After a goat’s grassy lunch, certain anaerobic fungi burrow into the plant cell walls. There they release enzymes that break down lignocellulose — lignin and all. These challenging fungi have a 10-syllable name: Neocallimastigomycota.
O’Malley studied under chemical engineer Anne Robinson. That was back when she was in graduate school at Carnegie Mellon University in Pittsburgh, Pa. Robinson isn’t surprised her former student is working with such a challenging microbe. She recalls her student as being “very unafraid to tackle problems” and “able to recognize the interesting or unusual result.”
One fungus: Many, many digestive enzymes
After graduate school, O’Malley contacted scientists who had worked with anaerobic fungi. Most had abandoned those studies. The microbes just proved too difficult to work with. Then Michael Theodorou invited her to work with him. He had pioneered research on such microbes. Today he works at Harper Adams University in Newport, England. Back then, though, Theodorou was in Wales. And there he taught O’Malley how to isolate and grow these fungi.
Their challenge was feeding the fungi what they needed to grow, all the while keeping oxygen out.
Her team now begins with roll tubes. Think of them as 3-D petri dishes that can support growth across their inner walls, all in an oxygen-free environment. Carbon dioxide and a food source with digestive fluids are added to the closed tubes. Next, her team rolls the tubes to get an even coat on the internal walls. After adding a fungi-rich poop slurry, they roll the tubes again. If the process works, fungal colonies grow.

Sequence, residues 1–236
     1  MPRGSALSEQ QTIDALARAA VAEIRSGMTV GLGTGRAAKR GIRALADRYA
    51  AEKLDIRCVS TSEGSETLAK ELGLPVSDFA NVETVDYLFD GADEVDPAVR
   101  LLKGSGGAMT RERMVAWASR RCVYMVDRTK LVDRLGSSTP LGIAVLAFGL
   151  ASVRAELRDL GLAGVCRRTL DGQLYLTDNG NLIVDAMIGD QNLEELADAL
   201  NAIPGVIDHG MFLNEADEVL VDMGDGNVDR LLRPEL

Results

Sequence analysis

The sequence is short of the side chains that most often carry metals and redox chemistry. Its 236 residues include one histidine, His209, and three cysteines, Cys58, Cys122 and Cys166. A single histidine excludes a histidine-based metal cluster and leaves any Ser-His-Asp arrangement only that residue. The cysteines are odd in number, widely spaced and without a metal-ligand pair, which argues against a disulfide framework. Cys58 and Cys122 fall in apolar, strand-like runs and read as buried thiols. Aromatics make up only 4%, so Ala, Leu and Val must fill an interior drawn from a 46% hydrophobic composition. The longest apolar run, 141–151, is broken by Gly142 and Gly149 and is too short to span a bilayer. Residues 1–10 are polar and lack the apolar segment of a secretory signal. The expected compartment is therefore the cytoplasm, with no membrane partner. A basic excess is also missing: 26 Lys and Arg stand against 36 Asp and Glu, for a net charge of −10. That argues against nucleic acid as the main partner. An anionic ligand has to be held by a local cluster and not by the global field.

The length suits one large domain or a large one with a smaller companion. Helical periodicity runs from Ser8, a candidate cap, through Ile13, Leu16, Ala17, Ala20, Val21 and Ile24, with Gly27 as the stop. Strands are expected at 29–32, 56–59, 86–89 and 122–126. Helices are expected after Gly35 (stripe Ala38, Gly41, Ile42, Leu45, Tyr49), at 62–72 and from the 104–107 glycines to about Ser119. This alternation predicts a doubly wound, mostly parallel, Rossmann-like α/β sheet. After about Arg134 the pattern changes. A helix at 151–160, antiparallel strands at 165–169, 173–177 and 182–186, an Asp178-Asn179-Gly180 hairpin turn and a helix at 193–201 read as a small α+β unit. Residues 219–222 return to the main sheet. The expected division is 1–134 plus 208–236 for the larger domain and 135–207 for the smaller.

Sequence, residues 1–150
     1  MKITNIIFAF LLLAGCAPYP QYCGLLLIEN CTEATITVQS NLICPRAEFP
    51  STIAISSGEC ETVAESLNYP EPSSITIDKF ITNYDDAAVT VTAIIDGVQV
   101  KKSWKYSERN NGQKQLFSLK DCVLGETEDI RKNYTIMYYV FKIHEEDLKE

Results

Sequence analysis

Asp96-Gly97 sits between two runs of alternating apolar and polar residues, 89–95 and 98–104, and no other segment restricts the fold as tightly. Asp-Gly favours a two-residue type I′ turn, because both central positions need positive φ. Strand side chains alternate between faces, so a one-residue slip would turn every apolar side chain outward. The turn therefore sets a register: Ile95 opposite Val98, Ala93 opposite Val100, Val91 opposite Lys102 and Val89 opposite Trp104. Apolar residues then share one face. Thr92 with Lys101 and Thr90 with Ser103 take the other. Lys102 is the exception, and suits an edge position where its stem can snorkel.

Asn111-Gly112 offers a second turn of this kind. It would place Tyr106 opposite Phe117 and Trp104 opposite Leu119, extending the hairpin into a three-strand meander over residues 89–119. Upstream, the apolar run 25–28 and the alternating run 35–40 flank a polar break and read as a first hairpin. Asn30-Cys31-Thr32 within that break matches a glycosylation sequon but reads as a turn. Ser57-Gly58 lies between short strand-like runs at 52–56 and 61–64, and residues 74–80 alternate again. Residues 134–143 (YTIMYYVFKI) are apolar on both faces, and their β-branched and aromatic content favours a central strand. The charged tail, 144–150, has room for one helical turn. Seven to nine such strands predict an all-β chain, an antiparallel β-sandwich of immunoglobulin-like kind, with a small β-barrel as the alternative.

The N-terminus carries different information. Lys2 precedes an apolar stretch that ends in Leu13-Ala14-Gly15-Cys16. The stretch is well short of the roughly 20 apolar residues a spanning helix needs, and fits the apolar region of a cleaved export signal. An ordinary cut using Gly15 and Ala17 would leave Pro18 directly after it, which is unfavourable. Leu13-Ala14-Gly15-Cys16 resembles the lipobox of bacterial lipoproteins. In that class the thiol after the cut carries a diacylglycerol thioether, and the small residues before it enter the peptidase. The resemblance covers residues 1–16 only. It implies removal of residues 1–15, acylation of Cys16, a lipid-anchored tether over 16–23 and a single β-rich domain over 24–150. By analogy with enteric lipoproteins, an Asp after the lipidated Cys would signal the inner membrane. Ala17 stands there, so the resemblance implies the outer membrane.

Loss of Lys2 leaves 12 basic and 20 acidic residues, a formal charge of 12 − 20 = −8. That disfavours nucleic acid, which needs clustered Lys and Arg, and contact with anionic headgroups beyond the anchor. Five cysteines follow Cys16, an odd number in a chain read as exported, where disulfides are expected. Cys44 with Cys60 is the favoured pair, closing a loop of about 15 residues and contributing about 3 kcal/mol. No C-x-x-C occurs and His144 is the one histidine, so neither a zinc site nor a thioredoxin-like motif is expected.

“All of this requires a lot of careful, coordinated, quick movements,” O’Malley says. It’s “a lost art.”
In her UC Santa Barbara lab, O’Malley has been isolating fungi from zoo samples and studying their enzymes. Until now, “nobody really knew their true power,” she says. Those fungi (with a mouthful of a name) turn out to have genes to make the largest number of biomass-degrading enzymes known. That’s something her team reported in Science three years ago.
The researchers have now partnered these anaerobic fungi with brewers’ yeast (Saccharomyces cerevisiae). That yeast is a mainstay of the biochemical industry.
O’Malley’s group showed that the fungi efficiently broke down lignocellulose in reed canary grass. That freed the sugars to be converted to other products by the yeast. O’Malley and colleagues shared their findings, last year, in Biotechnology and Bioengineering.
With the goal of unleashing these powers for the biotechnology industry, O’Malley and her group are exploring whether it makes sense to harvest the enzymes from the fungi. Maybe they should just insert fungal DNA into yeast and bacteria. That could turn them into enzyme-making machines.
Figuring out the ideal way to break down lignocellulose “has been a really [unsolveable] problem for a long time,” says Michael Betenbaugh. This biochemical engineer works at Johns Hopkins University in Baltimore, Md. O’Malley “kind of forged out on her own,” he says. Her trick, he adds, was “looking for these unusual microbes that have been doing [it] for millennia.”